Historic documentation of life at the turn of the 19th century created by residents of Colorado Springs, Colorado in 1901 for the citizens of 2001. Under the direction of Louis R. Ehrich, a prominent 19th century businessman, the items were sealed in a chest which was stored in various building on the Colorado College campus until the official opening January 1, 2001, at the Charles Leaming Tutt Library. Contents of Ms349, Fd 160 no. 89, F. P. Stevens photograph - Automobiles. In 1901, the automobile was just introduced into Colorado Springs.
Southwestern Ruins, Villages, Pueblos and Missions, 1896-1940: D89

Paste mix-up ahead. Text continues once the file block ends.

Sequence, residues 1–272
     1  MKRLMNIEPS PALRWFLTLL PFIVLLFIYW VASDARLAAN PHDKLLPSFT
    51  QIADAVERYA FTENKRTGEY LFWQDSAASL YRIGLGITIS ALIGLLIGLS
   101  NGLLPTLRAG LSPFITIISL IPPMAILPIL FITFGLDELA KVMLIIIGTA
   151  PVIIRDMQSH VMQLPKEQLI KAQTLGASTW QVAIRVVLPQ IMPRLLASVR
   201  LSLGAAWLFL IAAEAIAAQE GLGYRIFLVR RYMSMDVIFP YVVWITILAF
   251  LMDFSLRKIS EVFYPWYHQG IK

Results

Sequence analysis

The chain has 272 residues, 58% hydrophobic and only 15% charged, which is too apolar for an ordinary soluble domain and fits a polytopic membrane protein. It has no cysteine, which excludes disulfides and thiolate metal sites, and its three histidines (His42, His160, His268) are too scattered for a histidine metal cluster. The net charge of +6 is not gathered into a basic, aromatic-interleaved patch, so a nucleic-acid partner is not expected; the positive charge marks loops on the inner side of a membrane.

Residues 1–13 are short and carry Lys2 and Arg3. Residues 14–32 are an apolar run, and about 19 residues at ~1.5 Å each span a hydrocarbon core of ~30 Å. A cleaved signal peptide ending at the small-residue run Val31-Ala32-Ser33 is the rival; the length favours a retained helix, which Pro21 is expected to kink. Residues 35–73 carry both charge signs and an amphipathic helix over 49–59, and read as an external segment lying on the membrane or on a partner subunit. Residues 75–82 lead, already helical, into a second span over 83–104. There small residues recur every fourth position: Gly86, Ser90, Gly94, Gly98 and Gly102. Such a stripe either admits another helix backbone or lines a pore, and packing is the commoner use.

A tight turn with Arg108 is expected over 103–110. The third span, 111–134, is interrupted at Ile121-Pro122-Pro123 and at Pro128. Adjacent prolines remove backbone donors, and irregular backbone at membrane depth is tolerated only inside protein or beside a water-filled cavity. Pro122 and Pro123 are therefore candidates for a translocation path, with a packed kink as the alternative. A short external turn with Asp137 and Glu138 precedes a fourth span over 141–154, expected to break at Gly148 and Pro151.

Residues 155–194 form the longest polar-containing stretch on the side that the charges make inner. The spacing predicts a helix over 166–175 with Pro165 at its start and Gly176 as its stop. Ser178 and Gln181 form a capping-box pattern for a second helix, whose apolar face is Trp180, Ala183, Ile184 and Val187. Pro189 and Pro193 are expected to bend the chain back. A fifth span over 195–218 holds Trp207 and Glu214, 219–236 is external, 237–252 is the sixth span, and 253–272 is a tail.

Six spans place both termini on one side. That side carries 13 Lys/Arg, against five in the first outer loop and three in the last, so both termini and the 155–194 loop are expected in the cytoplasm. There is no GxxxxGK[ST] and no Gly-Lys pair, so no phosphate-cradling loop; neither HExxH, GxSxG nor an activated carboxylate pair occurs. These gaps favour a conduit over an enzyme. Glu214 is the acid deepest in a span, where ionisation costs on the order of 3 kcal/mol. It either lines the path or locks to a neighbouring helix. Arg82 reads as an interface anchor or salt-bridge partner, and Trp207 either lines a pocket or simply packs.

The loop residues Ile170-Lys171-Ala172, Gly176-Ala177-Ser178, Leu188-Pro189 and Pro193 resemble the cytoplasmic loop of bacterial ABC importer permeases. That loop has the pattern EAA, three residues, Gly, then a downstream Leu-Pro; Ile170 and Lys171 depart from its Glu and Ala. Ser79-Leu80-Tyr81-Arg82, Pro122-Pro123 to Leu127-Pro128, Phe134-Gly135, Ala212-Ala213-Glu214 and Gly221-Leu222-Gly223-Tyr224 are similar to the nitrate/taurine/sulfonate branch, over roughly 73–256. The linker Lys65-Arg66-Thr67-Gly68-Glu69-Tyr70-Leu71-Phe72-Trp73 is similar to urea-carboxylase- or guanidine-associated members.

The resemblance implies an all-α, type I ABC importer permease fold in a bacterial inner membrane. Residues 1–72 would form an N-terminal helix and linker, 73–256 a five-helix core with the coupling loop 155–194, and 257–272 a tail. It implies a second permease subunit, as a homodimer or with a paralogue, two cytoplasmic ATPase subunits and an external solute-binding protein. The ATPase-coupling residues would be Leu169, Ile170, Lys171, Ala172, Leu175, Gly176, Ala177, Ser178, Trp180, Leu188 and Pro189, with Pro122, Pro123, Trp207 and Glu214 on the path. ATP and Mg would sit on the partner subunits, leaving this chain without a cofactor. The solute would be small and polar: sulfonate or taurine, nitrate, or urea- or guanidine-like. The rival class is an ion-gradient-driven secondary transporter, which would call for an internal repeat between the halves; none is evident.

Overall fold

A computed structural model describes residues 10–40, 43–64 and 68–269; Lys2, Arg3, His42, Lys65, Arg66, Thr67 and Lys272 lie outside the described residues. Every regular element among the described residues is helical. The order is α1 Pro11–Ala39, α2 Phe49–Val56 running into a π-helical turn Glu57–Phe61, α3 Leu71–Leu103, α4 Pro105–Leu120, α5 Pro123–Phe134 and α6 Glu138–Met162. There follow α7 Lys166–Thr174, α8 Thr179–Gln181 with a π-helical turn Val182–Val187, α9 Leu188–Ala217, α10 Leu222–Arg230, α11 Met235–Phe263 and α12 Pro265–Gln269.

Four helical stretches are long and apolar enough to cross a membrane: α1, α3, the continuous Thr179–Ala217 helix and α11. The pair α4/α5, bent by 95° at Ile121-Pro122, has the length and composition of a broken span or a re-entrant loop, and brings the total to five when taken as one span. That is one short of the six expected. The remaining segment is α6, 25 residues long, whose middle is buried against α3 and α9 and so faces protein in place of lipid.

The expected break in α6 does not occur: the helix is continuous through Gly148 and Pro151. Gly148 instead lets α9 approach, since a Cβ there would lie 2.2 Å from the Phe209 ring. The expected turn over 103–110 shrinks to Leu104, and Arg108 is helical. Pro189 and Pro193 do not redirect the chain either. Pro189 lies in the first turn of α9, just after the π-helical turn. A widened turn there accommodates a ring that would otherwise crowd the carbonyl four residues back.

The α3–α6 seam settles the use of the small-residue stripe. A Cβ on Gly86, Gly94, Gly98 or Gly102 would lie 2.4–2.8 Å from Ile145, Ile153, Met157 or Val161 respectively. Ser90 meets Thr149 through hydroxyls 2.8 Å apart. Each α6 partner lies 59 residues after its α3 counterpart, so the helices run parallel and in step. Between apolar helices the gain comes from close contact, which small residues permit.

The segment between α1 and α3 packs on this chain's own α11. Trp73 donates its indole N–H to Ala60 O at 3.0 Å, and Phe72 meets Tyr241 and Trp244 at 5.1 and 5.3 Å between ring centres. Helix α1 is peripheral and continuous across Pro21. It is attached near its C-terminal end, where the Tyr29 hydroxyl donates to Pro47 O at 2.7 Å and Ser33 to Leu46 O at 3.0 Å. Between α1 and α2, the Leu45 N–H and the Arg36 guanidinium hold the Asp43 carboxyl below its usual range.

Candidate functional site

In the near future, Chinese automobile manufacturers will import Chinese made cars into the United States automobile market. This thesis analyzes consumer perception of Chinese cars among students at Colorado College. A new theoretical model is constructed to represent the different factors that impact how a consumer perceives products of different country-of-origins. This theoretical model is then adapted into an econometric model that studies the impact of the variables on a consumers overall perception of that good. A survey is designed to capture the independent variables of the econometric model and the data analyzed. The econometric model finds consumer evaluations of Chinese and American are positively impacted by the same variables. The raw data also suggests that consumers perceive Chinese cars to be less safe, built to a lower quality, and carry more risk than Japanese and American automobiles.